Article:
9. New fuel needs to reach India this month to enable the Indians to resume full operation of their fuel fabrication facilities and to operate the Tarapur reactors efficiently beyond the middle of next year. The current shipment could arrive as late as August without causing a total shutdown of the fabrication plant. Since there is a substantial inventory of fabricated fuel assemblies for the reactors, we could withhold fuel until spring 1978 without actually affecting operation of the reactors; but this would close the fabrication facility and almost completely draw down the inventory of fuel. The Indian Atomic Energy Commission vehemently objects to this possibility. Prime Minister Desai told Parliament April 6 that quote if there is a delay beyond May 1977 (in the fuel arrival), the operation of Tarapur . . . could be affected by mid-1978. Unquote. Desai went on to say that India had informed the U.S. of the quote adverse effect unquote of a delay on the power situation in western India, and had quote emphatically unquote conveyed its view that such delays were not consistent with the Tarapur agreement.5

10. Options. We appear to have four options:

First: Cut-off the supply. A Cut-off of the fuel supply to Tarapur would satisfy those who do not want nuclear cooperation with India so long as it does not renounce further testing and is not a signatory to the NPT. If we cut off fuel supply, the reactor operation would have to be stretched out by reducing power levels and then shut down unless the Indians made arrangements with the Soviets to replace us as the source. We believe the Soviets are prepared to replace us if they can do so consistent with the London guidelines.6 The Indians could argue that our action is a material breach of the 1963 agreement, which specifically obligates us to fuel the reactors. They could claim that India was relieved of its obligation to maintain safeguards at Tarapur and to obtain our approval for reprocessing of the Tarapur spent fuel.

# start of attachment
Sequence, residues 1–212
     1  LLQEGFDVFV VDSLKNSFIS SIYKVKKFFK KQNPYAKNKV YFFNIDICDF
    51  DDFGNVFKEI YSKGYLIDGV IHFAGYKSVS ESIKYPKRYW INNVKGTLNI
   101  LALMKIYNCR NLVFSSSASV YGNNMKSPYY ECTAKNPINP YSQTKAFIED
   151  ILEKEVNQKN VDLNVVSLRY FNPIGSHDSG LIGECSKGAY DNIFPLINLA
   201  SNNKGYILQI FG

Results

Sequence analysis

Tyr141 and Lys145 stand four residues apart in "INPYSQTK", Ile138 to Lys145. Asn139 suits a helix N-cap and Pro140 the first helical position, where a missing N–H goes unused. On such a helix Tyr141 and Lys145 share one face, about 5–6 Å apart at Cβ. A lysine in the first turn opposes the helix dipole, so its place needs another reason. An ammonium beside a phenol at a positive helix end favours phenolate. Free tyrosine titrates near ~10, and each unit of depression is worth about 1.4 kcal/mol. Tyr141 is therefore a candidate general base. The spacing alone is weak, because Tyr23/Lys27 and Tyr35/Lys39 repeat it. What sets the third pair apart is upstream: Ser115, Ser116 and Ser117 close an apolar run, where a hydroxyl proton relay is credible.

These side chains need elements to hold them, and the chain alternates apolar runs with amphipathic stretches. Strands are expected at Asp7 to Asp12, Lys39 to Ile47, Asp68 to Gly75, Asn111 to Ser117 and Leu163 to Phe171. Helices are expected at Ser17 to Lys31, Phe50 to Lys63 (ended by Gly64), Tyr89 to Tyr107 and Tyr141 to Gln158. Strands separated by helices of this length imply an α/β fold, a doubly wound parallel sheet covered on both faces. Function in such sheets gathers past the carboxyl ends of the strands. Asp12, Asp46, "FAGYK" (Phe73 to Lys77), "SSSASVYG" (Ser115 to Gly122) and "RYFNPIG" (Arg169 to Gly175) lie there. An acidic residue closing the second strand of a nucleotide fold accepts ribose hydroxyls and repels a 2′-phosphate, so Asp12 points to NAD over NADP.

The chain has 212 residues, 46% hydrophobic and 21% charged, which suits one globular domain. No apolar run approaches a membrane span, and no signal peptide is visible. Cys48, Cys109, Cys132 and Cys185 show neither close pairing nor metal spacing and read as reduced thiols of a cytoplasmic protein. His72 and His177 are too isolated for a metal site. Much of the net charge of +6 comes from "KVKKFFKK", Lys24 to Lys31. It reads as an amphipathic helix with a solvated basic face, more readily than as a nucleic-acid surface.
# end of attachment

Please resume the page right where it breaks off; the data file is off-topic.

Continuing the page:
Second: Orderly disengagement/interim shipment. If disengagement is the strategy adopted, we believe it is important to try for an orderly withdrawal under which the Tarapur spent fuel is removed and its reprocessing in India avoided. Under this option we would inform the Indians we are prepared to recommend that the NRC [Page 180] approve a final fuel shipment, but we would require advance assurances on the continued safeguarding of all U.S. fuel, including spent fuel, and agreement in principle on its disposition.

Third: Withhold fuel unless and until Indians agree to all our new conditions and policies. This would be the best choice if it would work. The problem is that there is little chance of successful negotiations. The new Indian Government, relying on the conclusions of U.S. experts Last and Kiefer,7 has put itself on the record as to the quote adverse effect unquote of any delay in fuel supply. We would be putting the new government in a corner before it had time to shake down its position. If unsuccessful, we would find ourselves poorly positioned for orderly disengagement. It is doubtful if the resulting damage to bilateral relations could be confined only to the nuclear area. We would be forcing the Indians into closing down their Tarapur fuel fabrication operation in August if no agreement is reached by that date (with probable cutbacks in reactor power to stretch out existing fuel), and into seeking Soviet fuel.